Building An Irish Pub

A Connecticut man learns how to bring home the craic from Guinness

Building an Irish Pub
Building an Irish Pub

Never liked school? Try this one on for size: How about spending a week in Ireland, studying how to create a proper Irish pub all day at Guinness’s headquarters, and then going out at night to do extracurricular research on the pubs of Dublin – lots of research.

It sounded appealing to Geoff Pothin of Guilford, Connecticut. He’d wanted to visit Ireland since college, but had started working right after graduation, and then never really had time to visit. His career (as a police officer) was interrupted, however, by an accident that forced him to retire at the ripe age of 34. Unsure of what his next step would be, he started thinking more about pursuing his Irish dream after September 11th, 2001. He’d spent the night of the 10th on a “very late night pub crawl” in Manhattan, leaving on a train out of Grand Central just as the sun rose that morning.

Opportunity On Tap

Luckily, Guinness’ US headquarters happens to be in Stamford, CT, just down the road from Mr. Pothin’s hometown. He heard from a friend that the company had a seminar for aspiring pub owners. Suddenly, it looked feasible to do more than just take a vacation in Ireland.

He was interested by the pub business, but wasn’t about to “slap some green paint on the wall, put in two TVs and call it an Irish pub,” as he describes the usual American approach. Guinness’ seminar purported to teach how to create a truly authentic pub environment – no matter where in the world you wanted to do it. It wasn’t long before Geoff found himself flying to Dublin for the week-long “Irish Pub Investor’s Training Course.” “It took me 20 years to get there,” he says, “but I finally did.”

Among others in the seminar were a group of Israelis, anxious to bring the Irish Pub concept home to Haifa. Day classes at Guinness were indeed all business – finance, marketing, pub décor, etc. The evenings were less formal. Asked which pubs around Dublin he preferred, Mr. Pothin says “I’m afraid I couldn’t find any I didn’t like.” Other “students” in the course had the same problem – by mid-week, the start of morning class had been moved back a half hour to compensate for hangovers.

The Irish Look

Back in Connecticut, Mr. Pothin designed and built his pub, “Ceili’s” in a good sized space just off Guilford’s town green (with partner Matt Hoey). Our visit with Mr. Pothin one rainy March day started on a comic note, when we walked into the wrong pub. There were lots of Harp signs on the walls, but the half-dozen photos of ice hockey players just didn’t seem right. A few cell-phone calls later (“I’m right over here in the corner of the pub,” and “then why I can’t see you”) we entered Ceili’s – and it was clear we were in the right place. It’s definitely an Irish-looking pub. Even the proprietor is authentically Irish-looking – though Mr. Pothin chuckles about his Celtic-red hair, saying only that he’s “pretty sure” he has some Irish ancestry somewhere.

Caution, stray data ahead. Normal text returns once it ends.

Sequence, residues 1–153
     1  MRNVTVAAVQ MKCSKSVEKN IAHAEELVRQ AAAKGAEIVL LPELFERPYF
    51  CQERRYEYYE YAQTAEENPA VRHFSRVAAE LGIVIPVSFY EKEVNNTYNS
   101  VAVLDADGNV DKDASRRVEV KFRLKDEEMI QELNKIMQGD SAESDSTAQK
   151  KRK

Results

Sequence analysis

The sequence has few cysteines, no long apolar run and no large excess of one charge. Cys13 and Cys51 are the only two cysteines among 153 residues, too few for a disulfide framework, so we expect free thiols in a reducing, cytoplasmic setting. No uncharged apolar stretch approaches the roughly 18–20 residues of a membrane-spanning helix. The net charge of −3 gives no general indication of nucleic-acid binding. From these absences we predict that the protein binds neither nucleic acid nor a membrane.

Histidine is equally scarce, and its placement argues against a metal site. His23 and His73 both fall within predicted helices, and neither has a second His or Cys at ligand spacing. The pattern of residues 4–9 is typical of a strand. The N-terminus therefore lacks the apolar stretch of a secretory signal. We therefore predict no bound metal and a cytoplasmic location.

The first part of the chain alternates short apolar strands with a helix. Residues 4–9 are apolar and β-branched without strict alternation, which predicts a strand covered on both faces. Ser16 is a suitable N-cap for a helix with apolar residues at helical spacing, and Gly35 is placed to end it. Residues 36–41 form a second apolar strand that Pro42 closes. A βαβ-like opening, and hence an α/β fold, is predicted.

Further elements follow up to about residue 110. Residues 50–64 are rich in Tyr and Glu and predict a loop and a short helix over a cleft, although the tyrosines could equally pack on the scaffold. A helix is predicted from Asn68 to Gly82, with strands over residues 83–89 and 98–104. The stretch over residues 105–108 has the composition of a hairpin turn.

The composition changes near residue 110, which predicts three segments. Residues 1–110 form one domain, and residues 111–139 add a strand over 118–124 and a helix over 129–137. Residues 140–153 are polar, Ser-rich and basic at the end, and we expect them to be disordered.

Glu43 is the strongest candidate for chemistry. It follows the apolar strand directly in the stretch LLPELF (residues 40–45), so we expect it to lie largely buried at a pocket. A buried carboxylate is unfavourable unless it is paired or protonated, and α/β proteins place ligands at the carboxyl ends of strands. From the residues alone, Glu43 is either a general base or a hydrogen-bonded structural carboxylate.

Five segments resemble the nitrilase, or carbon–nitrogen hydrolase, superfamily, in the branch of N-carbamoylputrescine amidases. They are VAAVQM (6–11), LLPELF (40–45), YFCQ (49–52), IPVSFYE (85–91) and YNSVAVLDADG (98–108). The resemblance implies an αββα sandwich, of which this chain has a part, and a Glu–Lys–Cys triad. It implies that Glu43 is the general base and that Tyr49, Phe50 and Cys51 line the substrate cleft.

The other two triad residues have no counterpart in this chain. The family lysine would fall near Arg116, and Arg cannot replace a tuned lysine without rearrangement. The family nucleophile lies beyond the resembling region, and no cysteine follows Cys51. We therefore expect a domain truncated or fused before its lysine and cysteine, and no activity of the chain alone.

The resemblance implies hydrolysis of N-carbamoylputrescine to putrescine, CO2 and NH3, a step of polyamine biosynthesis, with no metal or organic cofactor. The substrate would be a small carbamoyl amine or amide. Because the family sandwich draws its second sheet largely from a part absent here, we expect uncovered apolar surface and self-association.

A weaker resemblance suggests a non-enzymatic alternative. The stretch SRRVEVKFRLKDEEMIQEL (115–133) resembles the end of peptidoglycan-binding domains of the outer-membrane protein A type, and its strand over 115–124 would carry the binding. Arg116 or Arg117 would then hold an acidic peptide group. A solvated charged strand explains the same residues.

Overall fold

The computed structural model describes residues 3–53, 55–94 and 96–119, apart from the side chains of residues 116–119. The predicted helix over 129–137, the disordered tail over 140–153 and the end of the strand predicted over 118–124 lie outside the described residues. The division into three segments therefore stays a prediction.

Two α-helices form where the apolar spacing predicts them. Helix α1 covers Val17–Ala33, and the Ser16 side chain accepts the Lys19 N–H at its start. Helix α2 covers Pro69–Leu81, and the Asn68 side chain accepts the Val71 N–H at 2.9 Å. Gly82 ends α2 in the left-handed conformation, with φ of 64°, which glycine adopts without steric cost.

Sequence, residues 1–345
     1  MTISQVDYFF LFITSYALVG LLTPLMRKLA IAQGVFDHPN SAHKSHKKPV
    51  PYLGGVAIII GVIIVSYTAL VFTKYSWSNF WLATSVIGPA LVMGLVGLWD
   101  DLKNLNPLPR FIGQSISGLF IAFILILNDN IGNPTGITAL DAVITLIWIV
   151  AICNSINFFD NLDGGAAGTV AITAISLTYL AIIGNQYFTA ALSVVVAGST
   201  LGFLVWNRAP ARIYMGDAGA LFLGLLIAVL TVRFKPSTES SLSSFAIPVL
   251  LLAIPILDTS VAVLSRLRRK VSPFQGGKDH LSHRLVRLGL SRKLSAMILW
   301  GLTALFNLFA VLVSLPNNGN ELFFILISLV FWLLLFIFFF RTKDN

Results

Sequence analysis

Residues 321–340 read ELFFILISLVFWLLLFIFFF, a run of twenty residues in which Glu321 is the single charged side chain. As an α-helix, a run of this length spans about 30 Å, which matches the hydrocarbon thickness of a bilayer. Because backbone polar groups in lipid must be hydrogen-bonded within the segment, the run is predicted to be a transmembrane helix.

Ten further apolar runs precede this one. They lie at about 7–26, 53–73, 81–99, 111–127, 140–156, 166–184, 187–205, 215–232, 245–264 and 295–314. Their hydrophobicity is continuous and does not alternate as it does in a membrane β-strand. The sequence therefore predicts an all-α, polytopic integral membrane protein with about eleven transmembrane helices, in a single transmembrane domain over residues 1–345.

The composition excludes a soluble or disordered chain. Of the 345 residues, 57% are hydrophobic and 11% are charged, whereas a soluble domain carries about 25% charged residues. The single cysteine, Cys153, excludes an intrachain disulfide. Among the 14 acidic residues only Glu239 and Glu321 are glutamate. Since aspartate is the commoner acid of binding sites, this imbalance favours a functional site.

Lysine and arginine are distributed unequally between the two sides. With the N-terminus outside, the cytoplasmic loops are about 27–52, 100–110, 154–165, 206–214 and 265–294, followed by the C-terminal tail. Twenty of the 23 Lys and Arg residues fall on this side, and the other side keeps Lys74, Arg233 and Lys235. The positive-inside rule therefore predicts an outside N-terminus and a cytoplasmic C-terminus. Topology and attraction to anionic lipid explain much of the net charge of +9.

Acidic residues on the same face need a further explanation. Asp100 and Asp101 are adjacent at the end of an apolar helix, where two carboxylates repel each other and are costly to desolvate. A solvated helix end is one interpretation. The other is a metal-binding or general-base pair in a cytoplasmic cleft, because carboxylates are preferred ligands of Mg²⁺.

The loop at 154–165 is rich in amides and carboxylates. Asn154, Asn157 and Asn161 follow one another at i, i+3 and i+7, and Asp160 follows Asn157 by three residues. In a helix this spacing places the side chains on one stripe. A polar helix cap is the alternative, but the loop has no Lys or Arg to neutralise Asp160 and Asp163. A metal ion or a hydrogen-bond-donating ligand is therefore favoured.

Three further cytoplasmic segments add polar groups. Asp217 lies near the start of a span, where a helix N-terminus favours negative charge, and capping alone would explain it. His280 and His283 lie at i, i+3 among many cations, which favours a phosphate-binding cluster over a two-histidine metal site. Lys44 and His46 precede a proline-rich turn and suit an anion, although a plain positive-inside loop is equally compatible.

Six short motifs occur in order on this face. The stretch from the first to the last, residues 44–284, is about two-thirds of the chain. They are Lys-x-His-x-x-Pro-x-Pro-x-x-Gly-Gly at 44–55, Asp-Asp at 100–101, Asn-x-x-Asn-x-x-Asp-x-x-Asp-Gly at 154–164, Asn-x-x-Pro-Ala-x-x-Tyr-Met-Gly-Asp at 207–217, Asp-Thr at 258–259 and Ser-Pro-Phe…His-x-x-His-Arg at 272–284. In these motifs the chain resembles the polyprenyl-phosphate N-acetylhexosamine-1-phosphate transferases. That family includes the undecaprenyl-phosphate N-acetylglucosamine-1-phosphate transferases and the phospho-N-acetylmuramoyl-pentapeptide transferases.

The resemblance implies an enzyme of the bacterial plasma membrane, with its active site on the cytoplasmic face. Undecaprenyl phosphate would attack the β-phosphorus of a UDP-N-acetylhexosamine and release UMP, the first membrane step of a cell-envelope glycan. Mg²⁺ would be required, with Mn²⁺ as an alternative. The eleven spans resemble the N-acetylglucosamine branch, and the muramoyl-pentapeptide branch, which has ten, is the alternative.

Craic in America

What separates an Irish Pub from a bar? According to Guinness, it’s the “craic,” defined by an atmosphere that’s warmer than the typical American bar. At Ceili’s, one classic pub touch is the lack of a juke box blasting heavy metal tunes. The owner prefers to control the music system himself. Celtic tunes often provide the background, though “we don’t necessarily play Irish music 100% of the time — sooner or later people would start to pull their hair out.” A bit of rock n roll in the evening, he says, tends to get people “lifting the pints a bit faster.” A 50/50 emphasis on eating and drinking adds to the relaxed feeling. “Unlike a bar,” Mr. Pothin says, “we’ve found that groups of women will feel very comfortable coming in here to have a bite to eat.” Draught beer represents 70% of the liquid refreshment served, and it’s no surprise that Guinness is the most popular item. Looking around at Ceili’s patrons, Mr. Pothin seems pleased with his new career. He plans to open a second Irish pub in the area. Hunting for artifacts to decorate it will be a perfect excuse to go back to Ireland again soon. The only thing that seems out of place is the large portrait of Elvis over the exit door. But after polishing off a pint of Guinness, we wonder, “didn’t the king have at least some Irish ancestry there somewhere?”

Blame the Italians

Guinness offers its course on how to create an Irish pub 1-4 times per year, both in Dublin, and at the Culinary Institute of America in Hyde Park, NY. The whole idea originated from an unlikely source: Italy. In 1990, Ireland made the world cup’s final round for the first time. The huge numbers of Irish who followed their team to Italy, the site of the competition, were such a hit at night in local bars that a group if Irish entrepreneurs decided to create some Irish pubs in the country. They were a hit, to put it mildly. Today, Italy has a whopping 450 Irish pubs. In 1996, Guinness took notice of this growth, and decided to project the Irish pub concept worldwide with their course.

“It’s the ultimate franchise,” says Al Frank, a marketing director for Guinness, “There are no rights fees, no royalties and basically no rules on how you have to do it.” Most people who get into it are of Irish ancestry. But not all. The most recent course included Japanese and Norwegians, while successful pubs have been opened in San Diego by a Lebanese immigrant, and in Dallas by a Jewish diamond wholesaler. “People do it for some financial return,” says Mr. Frank, “but also to do something they enjoy.” The Haifa pub that was opened by Mr. Pothin’s co-students, he says, is particularly popular with members of Israeli special forces.